Against nostalgia

Posted on March 8, 2013 under nostalgia, public history | 4 Comments

Nostalgia can be an emotion that gets people interested in the past and that draws them back to their own and their family’s history.  But it’s a distorting force.  It puts a scrim of sentimentalization over real events and real people and recasts challenging, uncomfortable stories as quaint and harmless.  Nostalgia robs history of its […]

The move

Posted on December 6, 2012 under me | 2 Comments

Friends, since last we spoke I packed everything I owned, drove across most of the country with a yowling cat companion, and arrived safely in the Bay Area, where I am now a curator at the Oakland Museum of California.  My remit is “contemporary history,” and I am excited to think through what it means […]

Support the DIA

Posted on July 30, 2012 under museums

This is a post for my friends in the three-county metro Detroit region, before our primary elections next Tuesday, August 7. On the primary ballot this year in Wayne, Oakland and Macomb counties is a millage proposal to help fund the Detroit Institute of Arts, our amazing local art museum. The DIA has been suffering from […]

On Relevance and Snow-Storm in August

Posted on July 6, 2012 under book review | 4 Comments

History doesn’t have to have a news peg. Our historical work can be important, compelling, moving, and relevant without making thumpingly explicit connections to today’s news cycle.  Both historical characters and events and our contemporary readers are ill-served by extravagant pleading for relevance.  I’m not saying, of course, that journalists shouldn’t be writing history; on […]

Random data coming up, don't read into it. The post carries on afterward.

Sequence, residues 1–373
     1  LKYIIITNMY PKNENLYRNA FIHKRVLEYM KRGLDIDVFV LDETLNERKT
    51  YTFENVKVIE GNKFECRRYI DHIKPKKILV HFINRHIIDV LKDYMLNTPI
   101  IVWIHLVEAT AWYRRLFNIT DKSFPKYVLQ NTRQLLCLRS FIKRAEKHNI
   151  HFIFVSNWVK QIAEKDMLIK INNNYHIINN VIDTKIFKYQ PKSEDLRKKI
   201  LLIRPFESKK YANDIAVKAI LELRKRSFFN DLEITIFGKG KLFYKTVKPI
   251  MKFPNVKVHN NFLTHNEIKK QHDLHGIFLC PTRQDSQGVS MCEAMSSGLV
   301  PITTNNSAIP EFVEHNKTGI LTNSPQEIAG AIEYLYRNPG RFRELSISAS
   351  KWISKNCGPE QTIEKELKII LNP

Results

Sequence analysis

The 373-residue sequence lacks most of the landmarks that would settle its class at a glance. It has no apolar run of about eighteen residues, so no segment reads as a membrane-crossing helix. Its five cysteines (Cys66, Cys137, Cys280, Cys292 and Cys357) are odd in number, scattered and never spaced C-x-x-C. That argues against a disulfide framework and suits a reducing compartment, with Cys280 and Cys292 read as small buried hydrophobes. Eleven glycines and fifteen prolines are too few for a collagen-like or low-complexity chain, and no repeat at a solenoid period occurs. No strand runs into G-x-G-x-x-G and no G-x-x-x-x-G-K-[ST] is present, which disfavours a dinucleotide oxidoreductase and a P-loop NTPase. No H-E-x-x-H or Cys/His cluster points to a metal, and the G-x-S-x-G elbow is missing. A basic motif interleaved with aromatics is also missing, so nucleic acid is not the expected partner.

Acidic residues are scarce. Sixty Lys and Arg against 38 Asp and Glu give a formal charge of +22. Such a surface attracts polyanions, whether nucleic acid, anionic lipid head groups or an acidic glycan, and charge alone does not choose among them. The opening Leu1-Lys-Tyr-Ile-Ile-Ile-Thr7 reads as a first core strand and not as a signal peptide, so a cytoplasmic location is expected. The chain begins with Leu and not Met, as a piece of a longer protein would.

Belated Conference Report

Posted on May 1, 2012 under me, museums, public history

It is a testament to the quality and high level of engagement of this year’s NCPH conference that the web is already full of conference reports; here’s mine. The NCPH/OAH meeting in Milwaukee was full of interesting sessions on vital work in the field, passionate people doing good history, free wifi, and excellent beer. I’m […]


Posted on April 16, 2012 under history of technology, me | 1 Comment

As perhaps you’ve noticed, I am now a contributor to The Atlantic Technology channel.  I’ve recently written about typewriter nostalgia, shorthand, and Ivan Illich’s Tools for Conviviality.  Do subscribe to the channel; there’s a continuous stream of historically inflected work there, as well as historiography of technology disguised as current tech news analysis.

History @Work

Posted on March 26, 2012 under blogs, public history | 2 Comments

I’m sure, dear readers, that you are familiar with our only public history professional organization, the National Council on Public History. You may also be familiar with NCPH’s blog on unexpected exhibit practice, Off the Wall, for which I wrote a few posts about history on the internet. Now NCPH has upped the ante with […]


Posted on February 27, 2012 under blogs, me

A few blog- and Suzanne-related notes: This spring you’ll see me in Milwaukee at the NCPH/OAH conference (for which a hashtag has not yet been determined).  Our panel “Museums and Makers:  Intersections of Public History from Steam Trains to Steampunk” will be Thursday, April 19 at 10:30. Be there.  The conference program is online now. […]

Curating the kraken

Posted on February 1, 2012 under museums

While much ink has been spilled on the role of curation and curators writ large in contemporary culture, it’s useful to have a reminder of the power of the curatorial enterprise–to radically revalue objects, to change their contexts and transform them into something else, into artifacts. China Mieville’s Kraken (2010) explores the way curation can literally rewrite […]

From Garfield’s Porch

Posted on November 8, 2011 under history of medicine | 7 Comments

I am not a political historian. I’m proof that it is quite possible to get an advanced degree in American history and know very little about presidents. James A. Garfield is famous for having been assassinated—and in the history of medicine, he’s famous for having been killed by his doctors rather than his assassin. But […]